Barbara Bradley Hagerty has some good news for us in Life Reimagined: The Science, Art, and Opportunity of Midlife. As she sees it, midlife can be a challenging time as we endure many transitions—empty nest, retirement, the deaths of our parents—but these later years can be a time of discovery and reinvention as well.

Hagerty was a journalist for 20 years, but Life Reimagined is not just a collection of reporting. It’s Hagerty’s personal journey as she confronts the challenges of growing older. Her writing is lively and honest, and she manages to ask serious questions without taking herself too seriously. She interviews scientists about brain structure, psychologists about friendships and 21st-century matchmakers at the headquarters of dating site eHarmony. She studies resilience, investigating ways to cope with the difficulties that midlife brings. She proves her point about reinvention when she enters the Senior Olympics after taking up a new sport—cycling.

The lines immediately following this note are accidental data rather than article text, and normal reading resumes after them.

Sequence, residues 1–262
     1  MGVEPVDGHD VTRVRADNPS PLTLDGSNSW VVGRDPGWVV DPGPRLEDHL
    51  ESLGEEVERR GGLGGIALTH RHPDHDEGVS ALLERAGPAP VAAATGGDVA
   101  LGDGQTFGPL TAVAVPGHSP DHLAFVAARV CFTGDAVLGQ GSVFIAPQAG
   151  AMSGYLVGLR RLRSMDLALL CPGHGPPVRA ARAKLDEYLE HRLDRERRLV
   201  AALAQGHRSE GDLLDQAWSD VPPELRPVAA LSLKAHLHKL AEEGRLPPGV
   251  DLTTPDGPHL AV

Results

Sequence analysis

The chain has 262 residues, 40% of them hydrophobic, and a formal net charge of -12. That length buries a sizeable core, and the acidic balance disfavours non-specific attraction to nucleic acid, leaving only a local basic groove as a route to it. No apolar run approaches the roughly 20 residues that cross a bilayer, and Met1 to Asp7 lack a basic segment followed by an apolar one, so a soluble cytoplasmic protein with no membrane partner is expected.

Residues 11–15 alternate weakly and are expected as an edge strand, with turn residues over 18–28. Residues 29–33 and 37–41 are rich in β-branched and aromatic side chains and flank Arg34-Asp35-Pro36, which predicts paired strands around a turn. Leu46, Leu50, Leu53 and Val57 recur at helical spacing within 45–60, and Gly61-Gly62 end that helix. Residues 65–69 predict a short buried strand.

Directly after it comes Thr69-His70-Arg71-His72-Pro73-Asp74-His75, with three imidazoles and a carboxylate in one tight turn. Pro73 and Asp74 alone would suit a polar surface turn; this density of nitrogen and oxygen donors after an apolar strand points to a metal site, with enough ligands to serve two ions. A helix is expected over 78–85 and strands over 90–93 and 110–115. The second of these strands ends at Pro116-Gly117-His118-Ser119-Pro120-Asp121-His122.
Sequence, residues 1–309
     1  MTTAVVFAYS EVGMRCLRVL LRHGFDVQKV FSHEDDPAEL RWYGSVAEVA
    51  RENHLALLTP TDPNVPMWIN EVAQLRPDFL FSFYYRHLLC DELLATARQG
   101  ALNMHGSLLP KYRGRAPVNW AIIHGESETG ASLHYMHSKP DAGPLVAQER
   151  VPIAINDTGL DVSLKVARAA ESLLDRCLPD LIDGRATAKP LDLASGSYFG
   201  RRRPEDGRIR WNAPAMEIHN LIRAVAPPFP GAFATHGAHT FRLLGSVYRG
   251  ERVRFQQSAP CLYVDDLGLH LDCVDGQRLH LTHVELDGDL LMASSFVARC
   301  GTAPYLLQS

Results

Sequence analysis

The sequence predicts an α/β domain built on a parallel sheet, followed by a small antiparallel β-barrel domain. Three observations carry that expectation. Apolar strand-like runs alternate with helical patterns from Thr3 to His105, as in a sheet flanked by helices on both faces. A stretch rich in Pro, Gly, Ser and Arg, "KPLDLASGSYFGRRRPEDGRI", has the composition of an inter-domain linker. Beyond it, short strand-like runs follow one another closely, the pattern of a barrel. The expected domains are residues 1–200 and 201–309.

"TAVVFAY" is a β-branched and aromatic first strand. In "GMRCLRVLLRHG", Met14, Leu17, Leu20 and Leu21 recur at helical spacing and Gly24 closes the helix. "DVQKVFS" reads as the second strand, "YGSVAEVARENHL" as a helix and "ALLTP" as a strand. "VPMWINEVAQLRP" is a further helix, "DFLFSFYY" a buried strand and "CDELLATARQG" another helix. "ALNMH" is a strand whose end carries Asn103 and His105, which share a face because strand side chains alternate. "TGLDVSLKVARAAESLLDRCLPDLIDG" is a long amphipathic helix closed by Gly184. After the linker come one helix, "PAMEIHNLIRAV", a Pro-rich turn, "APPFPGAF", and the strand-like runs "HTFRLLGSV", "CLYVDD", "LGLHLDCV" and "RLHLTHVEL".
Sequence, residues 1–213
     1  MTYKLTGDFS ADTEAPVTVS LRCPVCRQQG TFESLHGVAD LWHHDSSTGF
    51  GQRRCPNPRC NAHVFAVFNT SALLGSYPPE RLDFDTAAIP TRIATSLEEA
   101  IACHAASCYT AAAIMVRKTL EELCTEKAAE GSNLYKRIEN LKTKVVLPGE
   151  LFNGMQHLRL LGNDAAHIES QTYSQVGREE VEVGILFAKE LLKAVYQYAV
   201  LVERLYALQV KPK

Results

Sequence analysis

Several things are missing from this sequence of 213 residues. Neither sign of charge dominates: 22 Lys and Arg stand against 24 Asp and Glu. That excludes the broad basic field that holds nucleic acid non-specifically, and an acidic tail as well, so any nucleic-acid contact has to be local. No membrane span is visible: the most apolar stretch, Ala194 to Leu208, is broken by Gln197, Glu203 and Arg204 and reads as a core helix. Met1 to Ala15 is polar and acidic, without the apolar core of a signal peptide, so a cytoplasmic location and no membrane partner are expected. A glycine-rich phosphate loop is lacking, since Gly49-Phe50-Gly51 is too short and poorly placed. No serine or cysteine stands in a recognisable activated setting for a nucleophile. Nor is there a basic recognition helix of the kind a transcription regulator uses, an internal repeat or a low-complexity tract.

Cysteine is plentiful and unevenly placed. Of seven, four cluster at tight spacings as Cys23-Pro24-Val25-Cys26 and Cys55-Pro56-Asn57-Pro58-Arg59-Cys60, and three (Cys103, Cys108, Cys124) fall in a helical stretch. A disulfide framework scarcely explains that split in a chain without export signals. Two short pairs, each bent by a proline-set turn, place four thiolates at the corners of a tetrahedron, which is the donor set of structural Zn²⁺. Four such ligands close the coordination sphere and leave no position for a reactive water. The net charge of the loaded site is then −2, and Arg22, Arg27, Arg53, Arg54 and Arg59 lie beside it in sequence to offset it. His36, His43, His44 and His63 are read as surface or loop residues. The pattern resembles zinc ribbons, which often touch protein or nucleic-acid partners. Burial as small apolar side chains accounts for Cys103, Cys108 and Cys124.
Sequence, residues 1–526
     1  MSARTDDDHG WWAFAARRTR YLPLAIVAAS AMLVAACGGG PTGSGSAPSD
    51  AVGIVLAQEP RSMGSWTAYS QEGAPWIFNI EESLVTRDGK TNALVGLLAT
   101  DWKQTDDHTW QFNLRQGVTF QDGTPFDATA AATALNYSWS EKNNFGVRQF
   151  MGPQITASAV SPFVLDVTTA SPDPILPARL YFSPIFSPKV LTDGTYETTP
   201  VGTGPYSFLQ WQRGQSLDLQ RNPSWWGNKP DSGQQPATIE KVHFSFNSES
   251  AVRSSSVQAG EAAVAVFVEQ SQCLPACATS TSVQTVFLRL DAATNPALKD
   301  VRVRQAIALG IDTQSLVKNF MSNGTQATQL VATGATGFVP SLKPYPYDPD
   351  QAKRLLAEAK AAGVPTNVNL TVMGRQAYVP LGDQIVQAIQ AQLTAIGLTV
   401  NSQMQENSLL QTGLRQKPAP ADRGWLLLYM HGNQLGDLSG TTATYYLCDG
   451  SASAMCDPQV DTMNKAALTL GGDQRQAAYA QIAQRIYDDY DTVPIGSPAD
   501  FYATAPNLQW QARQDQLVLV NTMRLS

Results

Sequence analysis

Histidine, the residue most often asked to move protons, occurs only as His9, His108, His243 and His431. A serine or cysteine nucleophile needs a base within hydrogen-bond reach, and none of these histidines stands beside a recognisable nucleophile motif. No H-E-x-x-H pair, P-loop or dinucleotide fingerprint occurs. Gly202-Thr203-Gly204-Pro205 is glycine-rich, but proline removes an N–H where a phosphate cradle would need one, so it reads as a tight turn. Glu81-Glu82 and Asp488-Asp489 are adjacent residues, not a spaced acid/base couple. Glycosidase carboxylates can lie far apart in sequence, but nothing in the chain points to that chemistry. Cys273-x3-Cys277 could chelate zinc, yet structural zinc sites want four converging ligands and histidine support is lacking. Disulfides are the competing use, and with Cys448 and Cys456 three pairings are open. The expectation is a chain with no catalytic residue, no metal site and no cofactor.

One touching aspect of the book is Hagerty’s account of her mother, a magnificent, intelligent woman in slow decline. Her mother provides Hagerty (and readers) with a demonstration of aging gracefully and living life to the fullest for as long as we can. She also demonstrates how to let go when it’s time. 

Life Reimagined gave me hope that midlife, even with its struggles, can be a time of growth and deeper joy in relationships old and new.

 

This article was originally published in the March 2016 issue of BookPage. Download the entire issue for the Kindle or Nook.

Those of us approaching midlife want good news about the years to come. Is dementia inevitable? Can I continue to thrive despite an aging body? Will I become lonely and isolated as I grow older?